To help, MRSC has put together a comprehensive guide for local governments on how to implement recreational marijuana on the municipal level. In the following web pages you find basic information about implementation, regulatory documents, sample ordinances, and more. Using this information we hope that your municipality can develop the right set of policies for your community.
Click on any of the headers below for more information related to recreational marijuana in Washington State.
I-502 provides for a 1,000 foot buffer separation between licensed marijuana businesses and designated, schools, parks, recreation centers, etc. All licensed marijuana businesses will need to comply with local government land use and zoning regulations. There is a regulatory process established for local government agencies to object to the proposed issuance of a marijuana business license to a specific individual or for a specific location within their jurisdiction.
For more information, see our page on Marijuana Land Use Issues.
The state liquor control board is starting to issue licenses for marijuana producers, processors and retailers. Building inspectors and local government officials need to be aware of relevant code issues raised by this new industry -- and local governments must understand which code requirements are enforced by local governments and which are enforced by state agencies.
For more information, see our page on Marijuana Regulatory Compliance Issues.
I-502 legalized the possession and private recreational use of marijuana. Police officers may arrest individuals for driving under the influence of marijuana and issue citations for consuming marijuana in public. The Washington State Liquor Control Board has until December, 2013, to establish the procedures and criteria for issuing licenses to produce, process, and sell marijuana. Until retail stores licensed by the Liquor Control Board are open for business, there is no legal way to obtain the drug for non-medicinal use.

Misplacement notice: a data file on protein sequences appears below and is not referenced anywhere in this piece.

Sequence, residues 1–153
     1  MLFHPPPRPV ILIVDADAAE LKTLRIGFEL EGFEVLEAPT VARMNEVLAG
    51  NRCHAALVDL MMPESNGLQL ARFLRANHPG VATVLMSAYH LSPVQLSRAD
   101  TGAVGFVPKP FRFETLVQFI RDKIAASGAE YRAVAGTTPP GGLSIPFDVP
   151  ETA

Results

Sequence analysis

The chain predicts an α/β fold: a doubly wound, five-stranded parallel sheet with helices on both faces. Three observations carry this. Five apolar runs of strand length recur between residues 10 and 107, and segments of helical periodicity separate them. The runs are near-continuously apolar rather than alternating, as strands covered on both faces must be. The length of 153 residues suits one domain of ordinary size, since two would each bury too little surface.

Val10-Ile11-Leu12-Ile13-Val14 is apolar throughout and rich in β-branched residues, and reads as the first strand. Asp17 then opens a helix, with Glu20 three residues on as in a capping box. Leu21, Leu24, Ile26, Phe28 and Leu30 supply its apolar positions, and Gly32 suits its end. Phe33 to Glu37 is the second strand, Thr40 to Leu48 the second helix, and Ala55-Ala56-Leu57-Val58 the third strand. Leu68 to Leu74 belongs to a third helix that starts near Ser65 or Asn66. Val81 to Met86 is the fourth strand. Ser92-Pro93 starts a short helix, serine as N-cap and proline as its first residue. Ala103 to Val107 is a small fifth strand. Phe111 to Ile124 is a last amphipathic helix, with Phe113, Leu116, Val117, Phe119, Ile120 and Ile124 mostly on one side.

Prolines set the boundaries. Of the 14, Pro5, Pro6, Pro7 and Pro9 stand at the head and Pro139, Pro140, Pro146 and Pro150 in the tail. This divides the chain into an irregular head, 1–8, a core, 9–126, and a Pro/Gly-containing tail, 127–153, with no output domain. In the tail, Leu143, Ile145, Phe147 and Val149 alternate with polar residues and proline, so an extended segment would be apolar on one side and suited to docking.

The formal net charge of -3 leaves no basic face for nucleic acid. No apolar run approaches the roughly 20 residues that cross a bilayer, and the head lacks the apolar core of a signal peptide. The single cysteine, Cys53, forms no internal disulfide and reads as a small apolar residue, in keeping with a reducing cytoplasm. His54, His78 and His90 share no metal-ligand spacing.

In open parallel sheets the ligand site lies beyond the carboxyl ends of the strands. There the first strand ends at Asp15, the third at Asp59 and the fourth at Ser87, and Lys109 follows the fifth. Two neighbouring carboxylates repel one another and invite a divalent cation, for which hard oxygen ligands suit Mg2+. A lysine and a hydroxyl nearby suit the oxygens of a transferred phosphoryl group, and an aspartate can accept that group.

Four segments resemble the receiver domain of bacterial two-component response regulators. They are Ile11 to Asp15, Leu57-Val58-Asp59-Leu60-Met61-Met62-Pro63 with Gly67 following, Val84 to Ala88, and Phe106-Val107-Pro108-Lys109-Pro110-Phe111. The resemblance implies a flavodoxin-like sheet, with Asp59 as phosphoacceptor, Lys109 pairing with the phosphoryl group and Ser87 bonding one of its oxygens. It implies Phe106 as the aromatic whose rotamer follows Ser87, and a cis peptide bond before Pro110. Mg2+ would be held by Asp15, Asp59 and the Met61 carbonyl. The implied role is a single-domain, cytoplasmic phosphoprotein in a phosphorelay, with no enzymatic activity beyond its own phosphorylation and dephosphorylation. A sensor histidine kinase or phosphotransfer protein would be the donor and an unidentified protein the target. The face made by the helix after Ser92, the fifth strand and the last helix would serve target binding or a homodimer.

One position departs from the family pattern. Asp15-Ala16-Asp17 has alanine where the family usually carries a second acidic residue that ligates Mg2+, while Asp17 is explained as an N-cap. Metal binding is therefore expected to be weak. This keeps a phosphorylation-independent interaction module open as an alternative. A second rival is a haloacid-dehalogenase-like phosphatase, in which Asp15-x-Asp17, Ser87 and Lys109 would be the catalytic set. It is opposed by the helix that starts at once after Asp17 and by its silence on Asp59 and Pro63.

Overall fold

For more information, see our page Enforcing Recreational Marijuana.
I-502 does not change employers' rights under Washington law, and marijuana remains illegal under federal law. The initiative is silent on the topic of drug testing. Where in force, federal regulations may still prohibit use and mandate testing for marijuana.
For more information, see our page on Marijuana in the Workplace.
Revenues from the excise tax on marijuana will be distributed primarily to the Liquor Control Board for administrative expenses, to the state's Basic Health Plan, to the state general fund, and to health-related programs. B&O and local retail sales taxes apply.
For more information, see our page on Taxing Recreational Marijuana.
The federal government, through the Department of Justice, has indicated a willingness to allow this new approach toward marijuana being pioneered by the States of Washington and Colorado. However, the federal government has indicated a number of concerns, which seem to be addressed by the provisions in initiative 502 and the proposed rules being adopted by the Liquor Control Board.
For more information, see our page on Federal Response to State Regulated Marijuana.
I-502 makes no mention of medical marijuana. Washington's Medical Use of Marijuana Act (Ch. 69.51A RCW) remains unchanged. Medical marijuana dispensaries will not automatically become retail marijuana stores, but it is possible that a medical marijuana collective garden/dispensary could change to being a recreational marijuana retail store if the owner obtained a state license for the sale of recreational marijuana.
For more information on I-502 and medical marijuana, see our page on Medical v. Recreational Marijuana.
We are attempting to provide accurate and complete data from all jurisdictions in Washington: please provide MRSC with your relevant ordinances or other documents by sending them to Josh Mahar, MRSC Outreach Coordinator. Updates to our data, questions, and comments all welcome.